Late afternoon I head over to Stephen at East Coast Marine Rigging to say goodbye, thanking him for all his help and informing him of our planned return in late September, to raise the mast. I also leave with him our 2 dyneema running back stays.
Officially, these are running rigging. But in reality they are used as standing rigging when we have the cutter out in high winds, or just want to stop the mast pumping. So Oana and I have decided to get them renewed. Stephen thinks they still have at least 90% of their strength, but it does not feel right not to replace them along with the other standing rigging.

While on the subject of buying stuff, earlier this week I ordered a new action camera. To date, we have always used GoPro cameras. But recently their software quirks, the customer service is not good, and the fact that our last 3 GoPro have had to be replaced has steered us to look for an alternative.
Last year, Pete Goss’s DJI Osmo action camera impressed us, so we ordered one. It was due to arrive today, just in time for me to take it home and play with it over the summer. I’d been watching the FedEx tracking and saw it was confirmed delivered at 3pm. But when I headed down to the office, there was no package for us, and my heart sank.

Back on the internet, I found the name of the person who signed for it, but in the marina office no one knew that name. So annoying. I was tempted to just let it run its course, but I was also determined to have it for the summer. So went door to door to all the businesses in the yard to look for it. But it was now after 5pm and most had closed.
Finally, I got to West Marine… and there it was! Incorrect delivery. So goes the saying: “seek, and ye shall find”! Although I’m pretty sure the writer of those biblical words was not thinking about a lost action camera!

At 6pm I am showered and heading to the Dockside restaurant for a last boys-out dinner before I leave. Ray, Paul, Jeff and I. Ray had been working all day to remove Jeff’s rudder on his new HR46, so the conversation was initially rudder-talk. We joked, wondering just how many HR rudders were being dropped right now, after my blogs. We could count at least 3 that we know of! Of course all the rest of the evening was also boat talk, and all very enjoyable. It’s a nice bunch of people that have got to know here.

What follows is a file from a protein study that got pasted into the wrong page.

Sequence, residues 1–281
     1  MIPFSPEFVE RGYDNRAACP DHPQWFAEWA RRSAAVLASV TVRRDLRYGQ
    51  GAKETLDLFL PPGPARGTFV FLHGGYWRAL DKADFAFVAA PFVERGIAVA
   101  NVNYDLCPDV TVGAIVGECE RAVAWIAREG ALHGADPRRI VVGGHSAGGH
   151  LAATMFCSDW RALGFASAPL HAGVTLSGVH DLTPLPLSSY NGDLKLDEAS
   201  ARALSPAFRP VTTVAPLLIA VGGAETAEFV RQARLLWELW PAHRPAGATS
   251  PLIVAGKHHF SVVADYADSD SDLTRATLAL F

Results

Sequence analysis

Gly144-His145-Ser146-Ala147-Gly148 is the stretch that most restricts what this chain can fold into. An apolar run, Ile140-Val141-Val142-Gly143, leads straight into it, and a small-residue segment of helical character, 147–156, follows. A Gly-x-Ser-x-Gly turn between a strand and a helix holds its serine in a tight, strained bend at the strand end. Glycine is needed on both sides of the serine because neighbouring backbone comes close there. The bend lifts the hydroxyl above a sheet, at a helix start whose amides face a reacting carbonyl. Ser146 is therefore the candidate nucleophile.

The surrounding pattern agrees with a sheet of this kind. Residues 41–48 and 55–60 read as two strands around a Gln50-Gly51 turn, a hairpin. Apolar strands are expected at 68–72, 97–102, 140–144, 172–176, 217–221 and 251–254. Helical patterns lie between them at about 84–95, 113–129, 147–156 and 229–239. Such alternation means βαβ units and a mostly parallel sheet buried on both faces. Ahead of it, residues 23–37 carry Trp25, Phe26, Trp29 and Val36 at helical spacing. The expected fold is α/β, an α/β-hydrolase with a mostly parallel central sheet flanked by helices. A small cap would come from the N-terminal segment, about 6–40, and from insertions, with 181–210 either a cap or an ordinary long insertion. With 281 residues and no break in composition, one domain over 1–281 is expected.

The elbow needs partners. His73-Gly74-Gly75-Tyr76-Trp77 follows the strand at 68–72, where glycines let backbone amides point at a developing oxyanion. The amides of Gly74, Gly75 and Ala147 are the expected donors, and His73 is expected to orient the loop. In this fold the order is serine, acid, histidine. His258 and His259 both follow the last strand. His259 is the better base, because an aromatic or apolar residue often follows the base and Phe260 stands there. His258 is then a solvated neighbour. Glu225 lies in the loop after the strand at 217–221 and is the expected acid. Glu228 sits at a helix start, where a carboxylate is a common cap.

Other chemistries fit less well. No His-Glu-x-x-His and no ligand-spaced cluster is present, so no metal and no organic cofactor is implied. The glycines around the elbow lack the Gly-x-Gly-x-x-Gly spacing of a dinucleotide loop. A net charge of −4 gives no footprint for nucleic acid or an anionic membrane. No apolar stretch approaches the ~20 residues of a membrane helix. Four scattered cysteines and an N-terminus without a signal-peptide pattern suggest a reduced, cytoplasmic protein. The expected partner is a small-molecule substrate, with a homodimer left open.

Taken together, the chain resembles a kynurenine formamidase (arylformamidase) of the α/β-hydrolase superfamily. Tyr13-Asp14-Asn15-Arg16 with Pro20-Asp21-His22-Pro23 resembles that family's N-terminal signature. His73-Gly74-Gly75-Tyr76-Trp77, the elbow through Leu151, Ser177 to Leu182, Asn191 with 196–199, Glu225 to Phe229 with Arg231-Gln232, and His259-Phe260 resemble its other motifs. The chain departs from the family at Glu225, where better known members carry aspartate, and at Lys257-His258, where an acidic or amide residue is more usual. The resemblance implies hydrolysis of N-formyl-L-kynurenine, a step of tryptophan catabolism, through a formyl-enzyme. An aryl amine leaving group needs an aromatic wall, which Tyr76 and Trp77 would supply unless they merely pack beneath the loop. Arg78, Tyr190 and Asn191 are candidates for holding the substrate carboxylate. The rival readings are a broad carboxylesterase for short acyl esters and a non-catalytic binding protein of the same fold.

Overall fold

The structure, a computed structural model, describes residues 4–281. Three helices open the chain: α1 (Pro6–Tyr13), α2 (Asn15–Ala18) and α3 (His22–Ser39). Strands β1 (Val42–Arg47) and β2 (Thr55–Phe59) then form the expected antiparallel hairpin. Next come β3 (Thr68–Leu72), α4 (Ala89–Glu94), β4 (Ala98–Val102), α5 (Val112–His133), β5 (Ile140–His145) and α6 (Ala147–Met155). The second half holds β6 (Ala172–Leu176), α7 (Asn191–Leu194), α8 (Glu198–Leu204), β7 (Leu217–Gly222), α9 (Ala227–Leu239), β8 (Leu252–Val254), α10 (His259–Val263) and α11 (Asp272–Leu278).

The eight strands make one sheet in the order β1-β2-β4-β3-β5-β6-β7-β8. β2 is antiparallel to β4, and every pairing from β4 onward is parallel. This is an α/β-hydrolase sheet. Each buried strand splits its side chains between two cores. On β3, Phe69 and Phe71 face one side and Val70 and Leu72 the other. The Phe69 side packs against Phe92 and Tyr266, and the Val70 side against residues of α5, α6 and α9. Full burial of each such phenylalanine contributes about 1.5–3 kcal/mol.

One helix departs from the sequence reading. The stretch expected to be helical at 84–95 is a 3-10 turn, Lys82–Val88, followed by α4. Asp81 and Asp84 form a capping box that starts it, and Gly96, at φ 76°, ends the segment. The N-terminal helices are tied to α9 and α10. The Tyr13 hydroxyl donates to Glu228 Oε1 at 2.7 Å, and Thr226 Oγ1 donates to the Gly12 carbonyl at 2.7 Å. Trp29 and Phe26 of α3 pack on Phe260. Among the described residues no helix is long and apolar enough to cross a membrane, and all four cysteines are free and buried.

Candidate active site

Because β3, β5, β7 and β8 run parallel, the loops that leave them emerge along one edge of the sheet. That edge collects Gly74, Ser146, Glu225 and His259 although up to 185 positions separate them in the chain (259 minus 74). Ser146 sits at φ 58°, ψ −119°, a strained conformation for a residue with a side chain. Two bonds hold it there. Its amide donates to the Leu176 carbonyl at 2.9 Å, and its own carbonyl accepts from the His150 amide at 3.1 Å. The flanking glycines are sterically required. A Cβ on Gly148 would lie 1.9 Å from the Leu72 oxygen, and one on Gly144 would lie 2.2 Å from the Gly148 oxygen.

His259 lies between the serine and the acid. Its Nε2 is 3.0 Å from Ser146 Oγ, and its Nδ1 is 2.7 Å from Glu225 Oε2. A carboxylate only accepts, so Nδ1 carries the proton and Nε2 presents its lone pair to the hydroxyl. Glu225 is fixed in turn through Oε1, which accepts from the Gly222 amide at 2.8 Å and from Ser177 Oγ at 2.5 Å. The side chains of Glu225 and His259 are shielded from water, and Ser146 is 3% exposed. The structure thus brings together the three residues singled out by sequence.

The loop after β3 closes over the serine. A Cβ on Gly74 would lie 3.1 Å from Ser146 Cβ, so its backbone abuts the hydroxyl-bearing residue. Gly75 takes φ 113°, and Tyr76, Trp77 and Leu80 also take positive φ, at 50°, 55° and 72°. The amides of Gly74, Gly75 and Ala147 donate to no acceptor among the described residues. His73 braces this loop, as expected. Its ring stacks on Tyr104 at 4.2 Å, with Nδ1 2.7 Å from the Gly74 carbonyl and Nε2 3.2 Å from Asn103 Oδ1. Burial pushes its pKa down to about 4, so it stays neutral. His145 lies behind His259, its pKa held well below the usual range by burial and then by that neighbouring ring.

Back at the boat, I rather hesitantly take another peak under the water tank… Pssss, it’s till dry… and I tip-toe again out of the engine room. I’ve decided I won’t call it a success until the morning. That will be one very big box to colour green on my excel to-do list! I actually feel it should be several boxes for this particular task. Fix water tank plumbing; refix water tank; refix water tank a third time. I think I’m going to have hot water tank nightmares for several weeks to come!

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2 comments

Andrew Logan June 6, 2021 - 3:36 am

I was surprised to read that an ex Oil industry man would be a bit lax with the Health and Safety when working alone in a confined space with toxic fumes. Don’t you have a 3M respirator with carbon filters. Good story thou.

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Glen June 9, 2021 - 8:40 am

Andrew, to be honest I am totally relieved to be out of the industry that during my 30 yr career went from very low safety awareness to way way over the top. In my latter years were not even allowed to walk near any equipement without full PPE. There was no personal thought process about safety – it was all “dont think, just do it”. Yes, I may have gone a bit too much over to the other side now, but I like the freedom of being able to think safety for myself. I kind of knew there was a risk painting in that locker and got out before I was really harmed. As soon as I had the fan it was fine. As for 3M mask I do have one, but I was already sweating my balls off in coverals, without a mask.